puted “super-magnitudes” by summing the fluxes in near- and mid-
infrared bandpasses. This is an approximation to the standard method of
integrating the observed spectral energy distribution as a function of
wavelength, which is not possible for Y dwarfs given the current lack of
sensitive mid-infrared spectrographs. We derive a multiplicative correc-
tion to account for the remaining flux not captured in these bands from a
large grid of model atmospheres (11, 15). The weak dependence on these
models is highlighted by the 8% fractional uncertainty in this correction
factor (Fig. S4).
We used the Cond evolutionary models (16) to estimate radii and
thereby temperatures, masses, and surface gravities from the bolometric
luminosities of our sample (Fig. 4, Table S5). We assumed fiducial ages
of 1 Gyr and 5 Gyr as expected for the field population (17, 18). The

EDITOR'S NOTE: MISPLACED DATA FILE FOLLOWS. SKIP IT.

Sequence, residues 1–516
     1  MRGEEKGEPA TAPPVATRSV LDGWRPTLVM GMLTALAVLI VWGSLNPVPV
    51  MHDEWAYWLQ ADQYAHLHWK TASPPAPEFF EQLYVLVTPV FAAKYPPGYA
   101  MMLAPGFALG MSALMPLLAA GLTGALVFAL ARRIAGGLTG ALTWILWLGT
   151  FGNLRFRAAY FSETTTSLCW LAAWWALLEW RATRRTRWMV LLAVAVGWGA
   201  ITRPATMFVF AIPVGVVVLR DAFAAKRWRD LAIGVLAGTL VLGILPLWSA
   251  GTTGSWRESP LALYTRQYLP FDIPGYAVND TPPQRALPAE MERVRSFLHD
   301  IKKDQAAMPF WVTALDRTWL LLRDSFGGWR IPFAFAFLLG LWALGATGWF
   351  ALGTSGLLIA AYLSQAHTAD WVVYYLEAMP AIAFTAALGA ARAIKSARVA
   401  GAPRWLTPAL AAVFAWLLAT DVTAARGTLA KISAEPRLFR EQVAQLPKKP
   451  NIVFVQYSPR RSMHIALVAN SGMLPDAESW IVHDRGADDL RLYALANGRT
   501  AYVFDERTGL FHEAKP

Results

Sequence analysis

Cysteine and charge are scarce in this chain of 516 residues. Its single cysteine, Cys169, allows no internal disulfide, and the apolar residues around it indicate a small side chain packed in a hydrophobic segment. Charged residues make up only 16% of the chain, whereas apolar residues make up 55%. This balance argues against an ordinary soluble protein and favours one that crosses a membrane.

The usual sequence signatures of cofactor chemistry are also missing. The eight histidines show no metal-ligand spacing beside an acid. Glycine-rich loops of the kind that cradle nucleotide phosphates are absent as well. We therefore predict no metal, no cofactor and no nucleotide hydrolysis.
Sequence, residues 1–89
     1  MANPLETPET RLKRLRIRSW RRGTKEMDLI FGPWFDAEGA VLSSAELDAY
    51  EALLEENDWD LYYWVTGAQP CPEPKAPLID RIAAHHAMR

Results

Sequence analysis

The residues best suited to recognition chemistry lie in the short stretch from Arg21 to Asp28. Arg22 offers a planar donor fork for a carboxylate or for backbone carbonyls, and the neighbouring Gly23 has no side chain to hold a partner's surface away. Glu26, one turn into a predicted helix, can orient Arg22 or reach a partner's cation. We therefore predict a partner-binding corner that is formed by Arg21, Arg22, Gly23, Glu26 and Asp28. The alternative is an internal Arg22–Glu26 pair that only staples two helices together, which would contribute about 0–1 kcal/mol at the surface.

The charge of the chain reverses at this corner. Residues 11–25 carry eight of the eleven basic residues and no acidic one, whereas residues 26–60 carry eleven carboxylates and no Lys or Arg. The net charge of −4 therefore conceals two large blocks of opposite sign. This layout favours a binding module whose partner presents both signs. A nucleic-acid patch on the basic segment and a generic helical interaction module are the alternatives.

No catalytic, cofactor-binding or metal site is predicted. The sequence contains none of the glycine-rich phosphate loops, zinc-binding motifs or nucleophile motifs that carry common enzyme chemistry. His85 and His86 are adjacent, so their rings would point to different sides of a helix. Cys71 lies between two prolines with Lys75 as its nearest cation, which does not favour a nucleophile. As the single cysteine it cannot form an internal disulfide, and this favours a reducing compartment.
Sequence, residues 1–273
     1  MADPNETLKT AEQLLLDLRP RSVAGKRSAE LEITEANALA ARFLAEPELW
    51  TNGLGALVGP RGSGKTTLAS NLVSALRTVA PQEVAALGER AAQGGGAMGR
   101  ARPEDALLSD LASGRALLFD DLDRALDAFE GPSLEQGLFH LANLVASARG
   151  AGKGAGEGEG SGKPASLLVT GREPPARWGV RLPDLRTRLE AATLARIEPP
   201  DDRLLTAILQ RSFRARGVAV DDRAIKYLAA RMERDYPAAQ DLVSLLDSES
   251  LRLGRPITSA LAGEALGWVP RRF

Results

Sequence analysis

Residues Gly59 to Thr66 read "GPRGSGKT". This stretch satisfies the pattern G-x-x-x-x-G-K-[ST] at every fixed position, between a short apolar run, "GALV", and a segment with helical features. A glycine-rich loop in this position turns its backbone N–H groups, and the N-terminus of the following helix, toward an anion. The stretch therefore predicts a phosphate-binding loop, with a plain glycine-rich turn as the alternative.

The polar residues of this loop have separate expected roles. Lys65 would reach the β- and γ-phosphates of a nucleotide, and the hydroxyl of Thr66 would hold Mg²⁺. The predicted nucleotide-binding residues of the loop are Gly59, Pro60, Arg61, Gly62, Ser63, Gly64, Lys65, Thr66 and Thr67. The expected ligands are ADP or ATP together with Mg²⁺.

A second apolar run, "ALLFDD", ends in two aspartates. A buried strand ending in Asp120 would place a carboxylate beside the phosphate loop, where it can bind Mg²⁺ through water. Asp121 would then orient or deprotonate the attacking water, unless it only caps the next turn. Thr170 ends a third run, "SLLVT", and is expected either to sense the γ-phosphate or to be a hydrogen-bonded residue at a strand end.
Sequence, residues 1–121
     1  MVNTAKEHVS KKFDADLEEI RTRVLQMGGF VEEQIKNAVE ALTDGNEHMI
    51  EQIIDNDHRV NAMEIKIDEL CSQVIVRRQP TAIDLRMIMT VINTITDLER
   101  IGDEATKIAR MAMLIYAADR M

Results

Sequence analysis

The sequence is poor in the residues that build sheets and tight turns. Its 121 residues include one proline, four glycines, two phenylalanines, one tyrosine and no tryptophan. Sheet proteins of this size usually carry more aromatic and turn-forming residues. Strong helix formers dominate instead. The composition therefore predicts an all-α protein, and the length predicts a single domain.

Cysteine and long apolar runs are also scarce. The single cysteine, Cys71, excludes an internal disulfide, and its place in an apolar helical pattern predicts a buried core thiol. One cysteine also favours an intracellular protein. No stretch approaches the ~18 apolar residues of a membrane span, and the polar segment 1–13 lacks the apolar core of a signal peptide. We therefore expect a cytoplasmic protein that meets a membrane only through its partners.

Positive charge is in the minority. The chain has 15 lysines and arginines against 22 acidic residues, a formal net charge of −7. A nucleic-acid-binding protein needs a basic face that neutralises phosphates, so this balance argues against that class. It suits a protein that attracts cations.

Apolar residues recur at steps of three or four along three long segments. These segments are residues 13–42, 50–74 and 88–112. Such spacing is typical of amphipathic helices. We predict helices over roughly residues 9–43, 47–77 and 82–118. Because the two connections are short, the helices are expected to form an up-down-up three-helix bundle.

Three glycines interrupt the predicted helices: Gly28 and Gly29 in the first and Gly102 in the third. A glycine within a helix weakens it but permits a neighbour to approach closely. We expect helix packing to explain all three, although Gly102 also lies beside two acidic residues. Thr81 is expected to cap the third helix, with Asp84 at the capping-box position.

tangential velocities for our sample are consistent with having such typi-
cal ages. We find that the fractional change in temperature over this
narrow range of spectral types is remarkably large: the mean temperature
of T8 dwarfs is 685-745 K (for 1-5 Gyr), and this drops to 410-440 K for
Y0 dwarfs (Table S6). Thus, these two subtypes alone span the same
fractional range in temperature as the entire sequence of FGK stars
(7300-4400 K) that are 10× hotter.
Although much cooler than their late-T counterparts, Y0 dwarfs turn
out to be significantly warmer than previously suggested from model
atmosphere fitting (Fig. S5). The most common best-fit models of Y0
dwarfs in previous work have Teff = 350 K, with plausible model fits of
400 K in some cases (3). Thus, model fits are typically 60-90 K (≈15%-
25%) cooler than we find from our distances combined with evolution-
ary model radii. If the fault lies with our assumed radii, they would need